IMPRESSIONS from a Cross-section

Topic

Economies are on a decline and most companies/people are going to be short of cash. So, do you expect the fashion industry to invest in tech?

Fashion tech has to be lean and very productive
The uptake of technology in the estimated $3 trillion fashion industry has not moved as fast as one could have expected. But there is now a substantial shift in the current context. Fibre2Fashion spoke to few techexperts to know their views.


As businesses move into a protectionist mindset to get through the next year, future-proofing the business will need to remain a priority to ensure that strategies align with new consumer and business requirements. This means ensuring that plans around digitisation and strategies around 3D production are not put aside in the current emergency period.

I totally agree. In times of crisis only the resourceful ones flourish. We don’t know how deep the crisis is going to take us. Fashion tech has to be lean and very productive. It’s no time for super expensive R&D with unpredictable results. The good news is that there are a lot of great and affordable fashion tech out there. Fashion industry members have a lot of opportunities.

Some of the best innovation is born out of crisis, and often simply out of necessity. I believe that is the reality that the apparel industry faces today. Organisations who fail to adopt technology are likely to have a different recovery trajectory than organisations that are “doubling down” in technology. The real challenge for most organisations is balancing the reality of short-term cash constraints with the long-term need to embrace technology. Every organisation will be different, and for most, I think it will simply come down to prioritising investments that are likely to generate the greatest return, then adopting an agile approach to execution, in which companies place smaller bets on proof-of-concept projects before investing in full-blown roll outs.

Companies can’t afford to not invest. Since many fashion retailers will be contracting their staff due to covid-19, they’ll need to find other ways (such as through automation) to drive key business decisions. Technology will be the catalyst that enables them to adopt more efficient workflows. Retailers’ on-hand cash (though lower than prior to covid-19) will need to be prioritised for technology investments in order to optimise their inventories and workforces.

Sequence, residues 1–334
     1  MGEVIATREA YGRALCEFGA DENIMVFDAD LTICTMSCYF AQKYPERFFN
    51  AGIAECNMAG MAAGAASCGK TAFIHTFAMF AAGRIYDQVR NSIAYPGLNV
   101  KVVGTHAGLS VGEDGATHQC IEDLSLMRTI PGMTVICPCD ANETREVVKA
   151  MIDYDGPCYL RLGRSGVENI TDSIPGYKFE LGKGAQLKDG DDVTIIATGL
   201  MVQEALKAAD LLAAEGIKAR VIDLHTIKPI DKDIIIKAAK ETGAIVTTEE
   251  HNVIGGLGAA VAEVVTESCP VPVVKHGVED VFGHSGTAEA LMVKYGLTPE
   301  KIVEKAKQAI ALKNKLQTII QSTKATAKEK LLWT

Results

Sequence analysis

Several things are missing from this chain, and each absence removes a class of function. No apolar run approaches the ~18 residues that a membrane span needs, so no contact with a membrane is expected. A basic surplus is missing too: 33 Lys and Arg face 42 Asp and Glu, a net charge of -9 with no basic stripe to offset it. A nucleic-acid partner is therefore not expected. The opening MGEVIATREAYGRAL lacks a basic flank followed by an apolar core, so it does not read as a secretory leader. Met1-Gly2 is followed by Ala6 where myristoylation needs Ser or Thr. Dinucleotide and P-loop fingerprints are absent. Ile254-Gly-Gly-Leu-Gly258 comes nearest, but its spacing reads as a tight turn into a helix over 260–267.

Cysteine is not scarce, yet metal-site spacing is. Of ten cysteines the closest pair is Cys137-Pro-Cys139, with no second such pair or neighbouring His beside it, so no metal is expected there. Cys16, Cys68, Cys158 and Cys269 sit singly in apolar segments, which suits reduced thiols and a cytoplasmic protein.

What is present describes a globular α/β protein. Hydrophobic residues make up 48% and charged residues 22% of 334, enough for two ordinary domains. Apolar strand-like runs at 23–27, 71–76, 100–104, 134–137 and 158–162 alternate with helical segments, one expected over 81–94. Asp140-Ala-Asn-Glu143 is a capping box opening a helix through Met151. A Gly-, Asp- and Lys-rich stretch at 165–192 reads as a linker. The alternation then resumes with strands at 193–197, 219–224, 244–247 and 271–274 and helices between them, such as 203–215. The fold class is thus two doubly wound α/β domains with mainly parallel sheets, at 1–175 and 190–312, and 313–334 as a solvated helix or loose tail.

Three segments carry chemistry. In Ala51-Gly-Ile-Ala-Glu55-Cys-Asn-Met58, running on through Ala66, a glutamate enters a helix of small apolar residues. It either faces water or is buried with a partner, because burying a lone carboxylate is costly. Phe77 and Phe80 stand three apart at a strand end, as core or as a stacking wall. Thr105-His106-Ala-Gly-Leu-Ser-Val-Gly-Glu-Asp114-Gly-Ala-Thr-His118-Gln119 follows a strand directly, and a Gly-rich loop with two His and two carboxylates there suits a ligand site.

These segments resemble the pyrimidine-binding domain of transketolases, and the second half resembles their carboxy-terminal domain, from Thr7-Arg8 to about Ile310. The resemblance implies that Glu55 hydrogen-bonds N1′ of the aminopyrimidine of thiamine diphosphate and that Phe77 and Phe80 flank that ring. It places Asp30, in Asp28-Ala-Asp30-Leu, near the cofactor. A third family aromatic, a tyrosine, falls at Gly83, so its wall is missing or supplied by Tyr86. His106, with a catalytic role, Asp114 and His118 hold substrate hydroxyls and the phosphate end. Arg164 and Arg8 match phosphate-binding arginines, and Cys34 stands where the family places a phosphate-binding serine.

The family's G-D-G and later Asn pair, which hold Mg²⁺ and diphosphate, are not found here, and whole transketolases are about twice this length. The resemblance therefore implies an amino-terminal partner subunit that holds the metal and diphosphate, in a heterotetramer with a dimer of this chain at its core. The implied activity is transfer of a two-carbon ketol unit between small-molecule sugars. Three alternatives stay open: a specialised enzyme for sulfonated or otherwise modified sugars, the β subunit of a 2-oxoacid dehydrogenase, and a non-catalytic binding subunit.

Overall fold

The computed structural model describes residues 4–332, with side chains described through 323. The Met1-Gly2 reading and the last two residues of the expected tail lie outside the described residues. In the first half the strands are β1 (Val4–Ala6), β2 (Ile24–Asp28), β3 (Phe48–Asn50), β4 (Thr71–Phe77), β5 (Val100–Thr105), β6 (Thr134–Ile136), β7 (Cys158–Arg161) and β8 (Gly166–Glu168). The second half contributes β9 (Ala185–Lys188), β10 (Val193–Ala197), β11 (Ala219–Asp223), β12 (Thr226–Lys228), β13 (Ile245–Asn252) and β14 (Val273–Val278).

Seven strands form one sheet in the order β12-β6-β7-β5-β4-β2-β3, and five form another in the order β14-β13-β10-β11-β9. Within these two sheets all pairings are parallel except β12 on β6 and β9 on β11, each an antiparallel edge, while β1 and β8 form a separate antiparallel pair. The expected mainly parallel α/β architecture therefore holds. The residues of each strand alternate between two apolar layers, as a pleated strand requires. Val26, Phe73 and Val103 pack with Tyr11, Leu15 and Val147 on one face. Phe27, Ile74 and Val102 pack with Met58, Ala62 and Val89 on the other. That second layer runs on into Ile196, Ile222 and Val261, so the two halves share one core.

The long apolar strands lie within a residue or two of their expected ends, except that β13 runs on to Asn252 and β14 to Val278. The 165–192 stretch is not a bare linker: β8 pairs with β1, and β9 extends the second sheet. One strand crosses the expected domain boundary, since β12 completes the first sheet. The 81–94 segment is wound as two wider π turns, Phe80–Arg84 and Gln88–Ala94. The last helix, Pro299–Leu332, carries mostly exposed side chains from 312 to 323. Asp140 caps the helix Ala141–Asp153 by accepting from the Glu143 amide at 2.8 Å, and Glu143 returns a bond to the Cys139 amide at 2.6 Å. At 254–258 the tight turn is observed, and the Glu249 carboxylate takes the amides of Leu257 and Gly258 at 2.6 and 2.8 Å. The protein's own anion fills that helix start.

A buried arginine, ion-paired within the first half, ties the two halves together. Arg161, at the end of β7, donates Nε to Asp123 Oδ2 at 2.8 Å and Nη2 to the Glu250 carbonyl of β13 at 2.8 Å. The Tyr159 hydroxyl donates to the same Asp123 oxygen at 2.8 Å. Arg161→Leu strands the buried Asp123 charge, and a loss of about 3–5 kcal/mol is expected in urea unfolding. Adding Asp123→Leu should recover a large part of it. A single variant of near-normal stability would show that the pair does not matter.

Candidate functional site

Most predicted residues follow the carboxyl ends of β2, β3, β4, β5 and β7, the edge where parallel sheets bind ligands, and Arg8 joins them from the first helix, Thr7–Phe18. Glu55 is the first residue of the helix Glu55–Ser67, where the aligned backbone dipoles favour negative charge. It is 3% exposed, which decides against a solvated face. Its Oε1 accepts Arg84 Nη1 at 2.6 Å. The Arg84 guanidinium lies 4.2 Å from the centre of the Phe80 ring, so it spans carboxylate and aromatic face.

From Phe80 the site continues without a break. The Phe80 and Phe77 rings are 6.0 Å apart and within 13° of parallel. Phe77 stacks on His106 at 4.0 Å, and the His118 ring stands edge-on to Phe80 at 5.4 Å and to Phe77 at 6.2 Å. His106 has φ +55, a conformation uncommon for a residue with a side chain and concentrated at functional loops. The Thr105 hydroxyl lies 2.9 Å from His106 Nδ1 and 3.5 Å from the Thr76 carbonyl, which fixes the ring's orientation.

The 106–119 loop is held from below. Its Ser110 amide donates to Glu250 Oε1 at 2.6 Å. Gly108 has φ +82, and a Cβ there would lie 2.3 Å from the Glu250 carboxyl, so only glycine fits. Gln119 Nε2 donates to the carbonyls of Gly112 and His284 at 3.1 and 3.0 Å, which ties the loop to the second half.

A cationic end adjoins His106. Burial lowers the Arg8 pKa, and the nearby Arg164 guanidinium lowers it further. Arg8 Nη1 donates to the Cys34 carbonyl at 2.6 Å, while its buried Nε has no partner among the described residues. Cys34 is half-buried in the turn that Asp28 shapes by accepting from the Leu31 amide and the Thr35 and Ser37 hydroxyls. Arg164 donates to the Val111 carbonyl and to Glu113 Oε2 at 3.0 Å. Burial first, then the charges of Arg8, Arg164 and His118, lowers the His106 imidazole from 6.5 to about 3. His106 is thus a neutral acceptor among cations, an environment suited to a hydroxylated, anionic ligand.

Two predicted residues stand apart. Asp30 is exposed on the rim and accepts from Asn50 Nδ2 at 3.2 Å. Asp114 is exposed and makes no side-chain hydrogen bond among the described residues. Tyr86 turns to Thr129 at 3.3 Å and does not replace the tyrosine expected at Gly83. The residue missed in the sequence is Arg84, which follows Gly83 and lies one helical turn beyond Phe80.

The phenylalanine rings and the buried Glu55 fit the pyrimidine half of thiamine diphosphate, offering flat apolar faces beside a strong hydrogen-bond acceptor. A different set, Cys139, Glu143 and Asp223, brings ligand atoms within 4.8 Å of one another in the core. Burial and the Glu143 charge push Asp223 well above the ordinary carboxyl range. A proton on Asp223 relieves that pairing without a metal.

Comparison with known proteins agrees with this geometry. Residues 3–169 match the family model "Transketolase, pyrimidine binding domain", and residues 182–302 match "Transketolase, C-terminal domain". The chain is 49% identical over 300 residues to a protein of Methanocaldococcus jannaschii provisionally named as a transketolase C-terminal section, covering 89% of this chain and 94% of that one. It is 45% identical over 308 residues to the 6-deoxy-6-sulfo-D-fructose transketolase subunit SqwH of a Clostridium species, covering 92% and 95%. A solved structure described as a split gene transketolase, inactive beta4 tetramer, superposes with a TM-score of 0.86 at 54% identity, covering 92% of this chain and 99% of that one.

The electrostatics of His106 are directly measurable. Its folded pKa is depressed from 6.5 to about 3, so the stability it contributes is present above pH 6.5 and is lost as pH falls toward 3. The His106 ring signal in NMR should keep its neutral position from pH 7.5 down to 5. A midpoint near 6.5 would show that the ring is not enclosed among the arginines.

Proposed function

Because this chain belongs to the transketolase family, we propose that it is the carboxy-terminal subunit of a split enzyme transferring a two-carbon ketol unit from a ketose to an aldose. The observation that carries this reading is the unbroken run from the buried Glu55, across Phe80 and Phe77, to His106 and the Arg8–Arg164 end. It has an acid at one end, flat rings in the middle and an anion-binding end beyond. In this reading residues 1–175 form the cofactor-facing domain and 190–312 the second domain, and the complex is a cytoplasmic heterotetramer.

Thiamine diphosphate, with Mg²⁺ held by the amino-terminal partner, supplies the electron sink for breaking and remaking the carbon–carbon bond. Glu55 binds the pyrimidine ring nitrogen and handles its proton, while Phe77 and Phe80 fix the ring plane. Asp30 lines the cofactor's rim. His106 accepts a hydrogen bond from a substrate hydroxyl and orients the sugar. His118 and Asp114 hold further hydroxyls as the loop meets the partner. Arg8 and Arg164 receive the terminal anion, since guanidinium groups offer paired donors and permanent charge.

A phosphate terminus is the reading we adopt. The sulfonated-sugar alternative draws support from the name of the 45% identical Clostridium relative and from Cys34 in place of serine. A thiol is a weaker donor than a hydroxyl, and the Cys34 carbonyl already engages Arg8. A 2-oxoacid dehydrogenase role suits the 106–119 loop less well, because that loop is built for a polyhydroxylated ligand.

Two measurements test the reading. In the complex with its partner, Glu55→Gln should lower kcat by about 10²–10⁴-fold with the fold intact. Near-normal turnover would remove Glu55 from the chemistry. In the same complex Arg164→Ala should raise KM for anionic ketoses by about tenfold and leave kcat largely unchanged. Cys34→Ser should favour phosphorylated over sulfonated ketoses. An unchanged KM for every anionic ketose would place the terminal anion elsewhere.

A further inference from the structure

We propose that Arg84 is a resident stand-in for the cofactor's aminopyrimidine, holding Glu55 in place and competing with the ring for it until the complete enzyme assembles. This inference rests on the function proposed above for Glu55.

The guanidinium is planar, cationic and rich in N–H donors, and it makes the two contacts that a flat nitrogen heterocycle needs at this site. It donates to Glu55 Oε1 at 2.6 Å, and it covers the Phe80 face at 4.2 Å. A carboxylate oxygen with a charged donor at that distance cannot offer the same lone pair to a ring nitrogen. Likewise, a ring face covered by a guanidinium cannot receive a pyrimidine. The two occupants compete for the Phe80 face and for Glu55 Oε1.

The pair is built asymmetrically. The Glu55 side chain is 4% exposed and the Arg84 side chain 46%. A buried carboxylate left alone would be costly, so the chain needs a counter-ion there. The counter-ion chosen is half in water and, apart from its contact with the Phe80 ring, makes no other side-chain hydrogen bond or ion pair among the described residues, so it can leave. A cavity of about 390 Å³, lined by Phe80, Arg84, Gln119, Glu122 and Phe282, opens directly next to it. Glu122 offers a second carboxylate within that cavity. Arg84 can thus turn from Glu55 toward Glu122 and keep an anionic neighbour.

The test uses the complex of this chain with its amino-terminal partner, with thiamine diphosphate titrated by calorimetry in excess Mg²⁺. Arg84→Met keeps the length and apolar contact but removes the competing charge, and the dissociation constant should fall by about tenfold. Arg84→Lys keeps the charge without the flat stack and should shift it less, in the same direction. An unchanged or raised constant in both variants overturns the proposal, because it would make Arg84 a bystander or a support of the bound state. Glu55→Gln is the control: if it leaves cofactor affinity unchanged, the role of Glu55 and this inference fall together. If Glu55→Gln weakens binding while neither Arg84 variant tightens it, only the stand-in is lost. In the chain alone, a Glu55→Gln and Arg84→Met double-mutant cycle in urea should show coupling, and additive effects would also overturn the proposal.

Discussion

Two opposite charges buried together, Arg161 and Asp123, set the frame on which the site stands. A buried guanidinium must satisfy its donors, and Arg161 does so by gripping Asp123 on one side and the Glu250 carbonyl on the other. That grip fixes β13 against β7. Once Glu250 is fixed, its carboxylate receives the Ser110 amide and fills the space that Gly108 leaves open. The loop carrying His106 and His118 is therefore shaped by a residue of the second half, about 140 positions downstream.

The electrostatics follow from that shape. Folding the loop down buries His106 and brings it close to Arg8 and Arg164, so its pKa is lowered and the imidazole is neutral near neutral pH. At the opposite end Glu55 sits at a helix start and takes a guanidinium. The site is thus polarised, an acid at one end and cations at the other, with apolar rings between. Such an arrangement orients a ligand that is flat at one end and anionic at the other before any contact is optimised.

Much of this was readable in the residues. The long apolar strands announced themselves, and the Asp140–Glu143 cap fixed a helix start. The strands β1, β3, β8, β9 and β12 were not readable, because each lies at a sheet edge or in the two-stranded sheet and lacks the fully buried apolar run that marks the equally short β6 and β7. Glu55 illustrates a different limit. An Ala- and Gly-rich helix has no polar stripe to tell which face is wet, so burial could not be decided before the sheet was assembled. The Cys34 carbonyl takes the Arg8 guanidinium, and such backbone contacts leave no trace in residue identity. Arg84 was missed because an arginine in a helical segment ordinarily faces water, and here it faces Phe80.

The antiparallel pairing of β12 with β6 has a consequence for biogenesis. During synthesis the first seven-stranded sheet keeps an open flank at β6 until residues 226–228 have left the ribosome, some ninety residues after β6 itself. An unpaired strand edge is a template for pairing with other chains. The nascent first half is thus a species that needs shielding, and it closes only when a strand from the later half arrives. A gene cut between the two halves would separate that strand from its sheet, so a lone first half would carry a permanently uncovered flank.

We see companies taking one of two approaches now. Some companies are freezing budgets and deciding not to invest in technology, they’re really hoping things return to normal quickly. Other companies see the ways in which the market is changing and are making investments now to stay relevant and nimble. I think the companies who invest in technology and innovation today are the ones who are going to be able to survive and thrive in the future.

There will be consolidations and restructuring of many in the fashion industry as a result of this economic turmoil. As I mentioned above, those who are agile, embrace innovation fast will be the ones who are able to start to invest in tech and make that digital transformation for survival. In addition, new fashion brands will emerge creating new efficient, sustainable supply chains in response to the consumer demand for more transparency. Sustainability will become a must have of retailers’ business models, rather than a nice to have.

Process improvements and system upgrades save money. Not investing in innovation and making these changes now will end up being more expensive in the long-term. You are seeing this play out in retail today with so many companies filing for bankruptcy. Retailers need to fundamentally change how they design, plan, and distribute goods and how they go about servicing the needs of their valued customers. By implementing new innovations, adding efficiencies, shrinking their supply chains, and better understanding the needs and wants of their customers, their business will improve, grow and thrive.